You may get behind on your business loans because of the bushfires. This can be stressful. There are steps you can take to make repayment arrangements 


Is your business still viable?

Can your business recover?

You may need to work out whether your business is still viable. You can do this by:

Can’t pay my business loan

Step 1 Work out what you can afford to pay

If you’re struggling to make the required repayments on a loan or a lease, the first thing to do is work out what you can actually afford to pay.

If you can afford to pay something

Start paying the amount you can afford and then contact your lender to make a repayment arrangement.

If you can’t afford to pay anything

Call us on 1800 413 828 for advice.

Can your business recover? Will you need to close?

  1. If you need help to work out if your business can recover speak to your accountant or use the Australian Taxation Office’s business viability assessment tool
  2. If you may need to close your business, your approach to debt payments may change. Get advice on the best plan for your business
  3. If you are a company you must not trade while insolvent. If you are unsure get legal advice and/or get advice from your accountant.

Step 2 Contact your lender

You can call, write to or email the lender letting them know you have been affected by the bushfires and cannot afford your repayments. Do not be afraid to call your lender. The lender will be aware of the bushfire crisis and they should respond compassionately when you contact them. Do tell the lender that you want to make a repayment arrangement.


  • Ask about any special assistance your lender is providing as a result of the bushfires.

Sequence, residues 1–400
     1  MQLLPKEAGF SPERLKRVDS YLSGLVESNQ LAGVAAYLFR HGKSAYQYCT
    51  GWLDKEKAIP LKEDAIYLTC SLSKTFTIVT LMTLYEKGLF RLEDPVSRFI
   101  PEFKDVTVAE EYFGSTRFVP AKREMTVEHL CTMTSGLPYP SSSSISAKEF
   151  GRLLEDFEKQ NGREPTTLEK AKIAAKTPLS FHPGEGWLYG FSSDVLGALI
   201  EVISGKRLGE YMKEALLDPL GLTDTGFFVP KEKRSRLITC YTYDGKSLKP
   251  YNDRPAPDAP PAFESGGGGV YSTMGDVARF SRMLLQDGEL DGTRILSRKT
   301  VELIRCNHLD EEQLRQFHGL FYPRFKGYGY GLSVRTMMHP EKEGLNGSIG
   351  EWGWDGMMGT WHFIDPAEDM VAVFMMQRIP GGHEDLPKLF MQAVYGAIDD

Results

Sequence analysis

• Keep details of how and when you told the lender you were in financial hardship

  • if your lender is a bank, they must give you 30 days’ notice in writing before starting any legal action.

Step 3 All loans are not equal

Some business loans are a higher priority for payment than others. For example, large loans secured over your home may be a higher priority than a business credit card debt. If you are not sure what debts to prioritise, call us for advice.


Some loans, including overdrafts, for example, are “on demand” facilities This means they are repayable on demand i.e. when the lender demands that the loan is repaid. The lender can demand that the whole amount be repaid for any reason at any time. However, banks must give 30 days’ notice before enforcing a small business debt (Banking Code of Practice).

Step 4 When speaking to your lender

You should continue to pay what you can afford during negotiations.

If the lender says yes to a repayment plan you offer, this means that a repayment arrangement is agreed and in place. Your contract has been varied.

If the lender refuses to accept the repayment plan you offer, then ask for reasons why.

Step 5 If you make a repayment arrangement stick to it

If your lender agrees to the repayment arrangement, do your best to stick to the repayments.

  • Make the agreed repayments on the agreed date
  • If you start struggling to make the repayments contact your lender again to talk about your situation
  • If it is taking longer than you planned to get back to the normal required payments, talk to your lender about extending the repayment arrangement

Step 6 If the lender will not agree you may be able to dispute it for free

Most business lenders are members of the Australian Financial Complaints Authority (AFCA). AFCA is a free dispute resolution service. Some business lenders must by law be a member of AFCA and some business lenders are members of AFCA voluntarily.

You can check if your business lender is a member at

When you lodge a complaint with AFCA, the lender must stop all enforcement action. Your lender has 21 days to respond to your original request for a repayment arrangement.

You can make a complaint to AFCA at

If your business lender is not a member of AFCA call us for advice on 1800 413 828.

Step 7 Speak to one of our financial counsellors

If your problem still hasn’t been solved, or you’re feeling overwhelmed, call us on 1800 413 828 to speak with one of our small business financial counsellors.

Warning: This is for information only. Do not rely on it as legal advice. It is recommended that you seek specific advice on your own situation.